Lonnie R. Stephenson, whose 47-year career at the International Brotherhood of Electrical Workers took him from apprentice to the union’s top position, has announced that he will retire as IBEW president, effective Jan. 4.

In a Nov. 23 announcement, the union's international executive council named Kenneth Cooper, 61, currently IBEW secretary-treasurer, to fill the rest of Stephenson’s term, which was to expire in 2026. He was appointed union president in 2015 and re-elected twice.

Stephenson. 66, joined IBEW Local 145 near Rock Island, Ill., in 1975, later taking positions as business manager, international representative and international vice president.

IBEW said that during his tenure as president, union membership increased every year, and now stands at 775,000.

The union also said that under Stephenson, IBEW “built a historically close relationship” with President Joe Biden, as an early supporter in his presidential campaign and endorsing him in May 2020.

It cites passage of the 2021 Infrastructure Investment and Jobs Act, which has strong pro-union job creation provisions; as well as enactment of the 2022 Inflation Reduction Act that aims to shore up the financially weakened multiemployer pension program with a substantial funding infusion.

The union also said Stephenson "deepened the IBEW's commitment to diversity, inclusion and equity," pointing to his role in the IBEW Strong program that aims to recruit more people of color and women as union members.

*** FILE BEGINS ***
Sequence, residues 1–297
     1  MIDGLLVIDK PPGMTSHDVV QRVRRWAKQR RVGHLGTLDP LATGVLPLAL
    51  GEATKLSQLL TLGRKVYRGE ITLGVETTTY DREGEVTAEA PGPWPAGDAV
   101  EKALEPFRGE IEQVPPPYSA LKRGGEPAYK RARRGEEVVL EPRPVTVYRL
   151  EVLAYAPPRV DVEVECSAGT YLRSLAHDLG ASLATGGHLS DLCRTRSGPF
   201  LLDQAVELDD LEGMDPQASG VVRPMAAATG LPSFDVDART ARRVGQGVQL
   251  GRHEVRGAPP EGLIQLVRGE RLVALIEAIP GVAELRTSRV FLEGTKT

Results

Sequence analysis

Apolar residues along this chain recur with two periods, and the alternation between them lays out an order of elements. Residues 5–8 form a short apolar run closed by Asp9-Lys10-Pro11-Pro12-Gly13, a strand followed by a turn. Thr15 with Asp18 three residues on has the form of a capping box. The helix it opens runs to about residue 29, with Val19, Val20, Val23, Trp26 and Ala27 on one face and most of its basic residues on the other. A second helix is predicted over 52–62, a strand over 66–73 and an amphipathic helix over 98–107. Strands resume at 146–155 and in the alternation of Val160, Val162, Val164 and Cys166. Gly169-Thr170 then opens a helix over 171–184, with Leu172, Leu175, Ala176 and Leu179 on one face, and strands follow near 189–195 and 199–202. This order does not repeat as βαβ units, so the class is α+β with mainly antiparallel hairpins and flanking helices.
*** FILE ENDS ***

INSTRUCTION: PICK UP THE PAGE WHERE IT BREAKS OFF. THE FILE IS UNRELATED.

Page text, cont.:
"We are a bigger, stronger and more diverse union than we were seven years ago," Cooper said in a statement,

Stephenson said: “As hard as it is to step aside, I am confident that the IBEW remains in good hands," adding that "it’s been the honor of my life to serve the members of the greatest union in the world and advance the cause of trade unionism in the electrical industry.”

David Long, National Electrical Contractors Association chief executive officer, praised Stephenson and noted their joint efforts to address issues facing their members. 

Long said that he and Stephenson "worked tirelessly through a worldwide pandemic to ensure our workforce was rightly recognized as essential workers—workers we help keep safe as possible throughout one of the most unprecedented periods of uncertainty and growth for our organizations."

Story updated on 11/25/2022 with statement from National Electrical Contractors Association.